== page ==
I've had several non-vegans ask a specific question when I mention that hunting is not ethical. They say if animals (such as deer) were not hunted the population would skyrocket and that hunting keeps them at a "healthy" population.
Case in point - there is a large state park here that every couple of years will allow deer hunting in the park because of over-population. Any thoughts?
I don't understand what problems deer overpopulation would cause necessarily--except for unfenced gardens and driving concerns. Just because people have taken over wildlife habitat does not mean we have a right to kill the animals that live there because they might be an annoyance to us. Seems to me just another reason to validate and encourage hunting.
There are a lot of feral cats in our neighborhood. Should people be advised to go out and shoot them because there are just too many? I know on indian reservations, they will hunt all the stray dogs they find to "keep the population down"--however, most of us would gawk and talk about how barbaric.
The reason that deer and elk herds need to be "thinned" is that their natural preditors have been hunted and pushed out of their natural hunting areas. Bear, wolves, coyotes pose a threat to people. When we move into an area that was populated by deer because we want to see and enjoy them we don't realize that it also was once populated by the animal that hunted the deer for food. The minute we see a bear or a mountain lion we call animal control and they come in and move it to another location, if it poses a threat. Now you've got an overpopulation of deer/elk and they can carry diseases. So if the herd is not "thinned" naturally, it must be thinned in another way. We also feed the preditors, unintentionally, so why would it want to hunt when all it needs to do is find a nice trash can or go to the local dump?
What I find is really sad is that when there is a huge overpopulation the animals tend to be smaller and in not as good of health, so there is very little usable meat on them, especially when they are hit with a bullet, which will bruise in the area it was hit in.
In some places when there is a thinning a handful of hunters are invited and when the herd passes through, the hunters just start shooting. Once they are done they divide up the carcasses. I have seen this happen and the killers are in such a hurry to gut the animals that they can ruin a lot of the meat and since they are not shooting to kill they are just shooting to down as many as possible they will hit the animals in the gut which ruins the meat, at least on the lower half.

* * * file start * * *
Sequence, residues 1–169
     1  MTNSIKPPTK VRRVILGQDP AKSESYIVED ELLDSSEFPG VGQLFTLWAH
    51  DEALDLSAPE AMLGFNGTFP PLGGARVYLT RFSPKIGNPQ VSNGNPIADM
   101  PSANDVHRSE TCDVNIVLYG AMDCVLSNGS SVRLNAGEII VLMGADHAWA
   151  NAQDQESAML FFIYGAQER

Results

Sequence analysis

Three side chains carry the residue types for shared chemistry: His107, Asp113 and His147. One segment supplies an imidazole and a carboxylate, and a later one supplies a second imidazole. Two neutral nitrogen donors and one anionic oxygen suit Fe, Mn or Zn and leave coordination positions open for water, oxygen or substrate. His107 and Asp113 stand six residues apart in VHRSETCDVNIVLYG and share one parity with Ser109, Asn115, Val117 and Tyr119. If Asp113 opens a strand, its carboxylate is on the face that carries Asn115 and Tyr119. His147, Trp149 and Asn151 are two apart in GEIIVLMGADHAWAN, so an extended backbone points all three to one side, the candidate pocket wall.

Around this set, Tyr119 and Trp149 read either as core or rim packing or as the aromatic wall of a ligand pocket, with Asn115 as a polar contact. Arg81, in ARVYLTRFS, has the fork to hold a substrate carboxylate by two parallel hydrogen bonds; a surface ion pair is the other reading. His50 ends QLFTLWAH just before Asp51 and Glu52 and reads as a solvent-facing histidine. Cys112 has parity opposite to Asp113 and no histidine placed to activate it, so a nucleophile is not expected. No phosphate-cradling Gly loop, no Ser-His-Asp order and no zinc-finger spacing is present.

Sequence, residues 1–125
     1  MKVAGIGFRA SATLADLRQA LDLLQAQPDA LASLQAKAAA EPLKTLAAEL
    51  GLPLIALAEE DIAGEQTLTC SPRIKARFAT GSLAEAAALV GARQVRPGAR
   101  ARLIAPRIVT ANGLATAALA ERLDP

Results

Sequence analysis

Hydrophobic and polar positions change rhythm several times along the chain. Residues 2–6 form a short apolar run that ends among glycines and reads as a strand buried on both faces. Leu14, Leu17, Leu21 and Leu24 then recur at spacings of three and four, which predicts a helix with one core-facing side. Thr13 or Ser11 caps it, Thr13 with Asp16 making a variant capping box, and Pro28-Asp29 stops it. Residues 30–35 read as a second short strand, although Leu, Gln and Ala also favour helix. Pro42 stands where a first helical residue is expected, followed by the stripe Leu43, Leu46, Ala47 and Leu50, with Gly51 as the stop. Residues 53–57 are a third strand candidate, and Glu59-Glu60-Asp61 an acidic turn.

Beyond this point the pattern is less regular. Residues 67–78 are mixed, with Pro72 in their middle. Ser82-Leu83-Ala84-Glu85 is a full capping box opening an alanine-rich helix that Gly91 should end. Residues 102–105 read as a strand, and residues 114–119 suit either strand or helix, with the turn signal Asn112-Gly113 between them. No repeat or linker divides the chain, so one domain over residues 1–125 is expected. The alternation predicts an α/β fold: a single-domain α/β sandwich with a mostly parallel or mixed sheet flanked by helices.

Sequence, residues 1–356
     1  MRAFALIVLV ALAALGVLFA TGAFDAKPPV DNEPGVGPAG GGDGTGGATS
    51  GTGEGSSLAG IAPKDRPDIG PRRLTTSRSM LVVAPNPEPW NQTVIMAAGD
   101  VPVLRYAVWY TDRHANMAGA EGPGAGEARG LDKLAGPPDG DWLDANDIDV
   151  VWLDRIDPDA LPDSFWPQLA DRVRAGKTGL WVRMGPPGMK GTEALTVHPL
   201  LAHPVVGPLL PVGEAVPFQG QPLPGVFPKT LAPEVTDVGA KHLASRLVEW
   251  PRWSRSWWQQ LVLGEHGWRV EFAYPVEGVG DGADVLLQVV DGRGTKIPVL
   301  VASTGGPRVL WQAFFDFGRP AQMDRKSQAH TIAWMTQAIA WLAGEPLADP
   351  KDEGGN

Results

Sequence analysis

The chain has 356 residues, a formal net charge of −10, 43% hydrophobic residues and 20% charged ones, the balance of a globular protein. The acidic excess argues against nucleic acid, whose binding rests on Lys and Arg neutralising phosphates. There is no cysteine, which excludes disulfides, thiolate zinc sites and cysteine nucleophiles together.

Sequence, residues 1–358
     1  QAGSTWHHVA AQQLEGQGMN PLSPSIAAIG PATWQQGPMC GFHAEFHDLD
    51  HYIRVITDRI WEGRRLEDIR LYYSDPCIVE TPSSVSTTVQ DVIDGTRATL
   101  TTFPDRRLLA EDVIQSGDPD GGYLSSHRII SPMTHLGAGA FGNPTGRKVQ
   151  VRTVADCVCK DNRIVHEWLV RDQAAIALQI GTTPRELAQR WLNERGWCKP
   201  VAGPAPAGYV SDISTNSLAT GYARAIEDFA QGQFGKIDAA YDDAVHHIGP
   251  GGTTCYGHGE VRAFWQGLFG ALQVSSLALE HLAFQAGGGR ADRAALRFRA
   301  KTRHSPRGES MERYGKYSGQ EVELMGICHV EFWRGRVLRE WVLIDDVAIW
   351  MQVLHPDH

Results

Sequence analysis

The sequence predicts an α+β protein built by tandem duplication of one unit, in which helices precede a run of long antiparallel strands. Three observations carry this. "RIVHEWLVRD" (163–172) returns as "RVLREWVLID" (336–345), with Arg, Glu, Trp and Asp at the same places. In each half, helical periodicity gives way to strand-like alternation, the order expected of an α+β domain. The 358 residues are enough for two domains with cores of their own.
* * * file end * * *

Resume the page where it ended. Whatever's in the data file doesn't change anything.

I know of a "thinning" that happened about 10 years ago in western Colorado. only about 6 or 8 local hunters were invited to participate. They killed about 30 deer, of the 7 carcasses I saw only 3 were decent enough to cut up for food, and even then there was a lot of waste.
So I do have to say that "if deer were not hunted the population would skyrocket" is true, but we should not be the ones doing the hunting.
During a good year (when there is lots of foilage and food for the deer) animals will reproduce and have more babies than usual, but then will die off when the food supply diminishes. If we would stop meddling Mother Nature will take care of it.
Thanks imblissful! That's what I was looking for...just couldn't put together a good argument in case I needed it.
I agree totally w/everything you said - we are killing this world and everything in it, unfortunately most people are either too ignorant to realize it or they just don't care. The sad thing is it's probably the latter...
We brought this question up the other night with some vegan friends of ours. They had an interesting point. In nature it is the smallest and weakest (deer) that become prey to predatory animals. The strong are left to survive and reproduce. that is evolution. However, hunters target the biggest and strongest of the species, which goes against the natural order as the smaller and weaker deer are the ones left to reproduce. They said it was kind of a backward evolution. I thought it was an interesting perspective.
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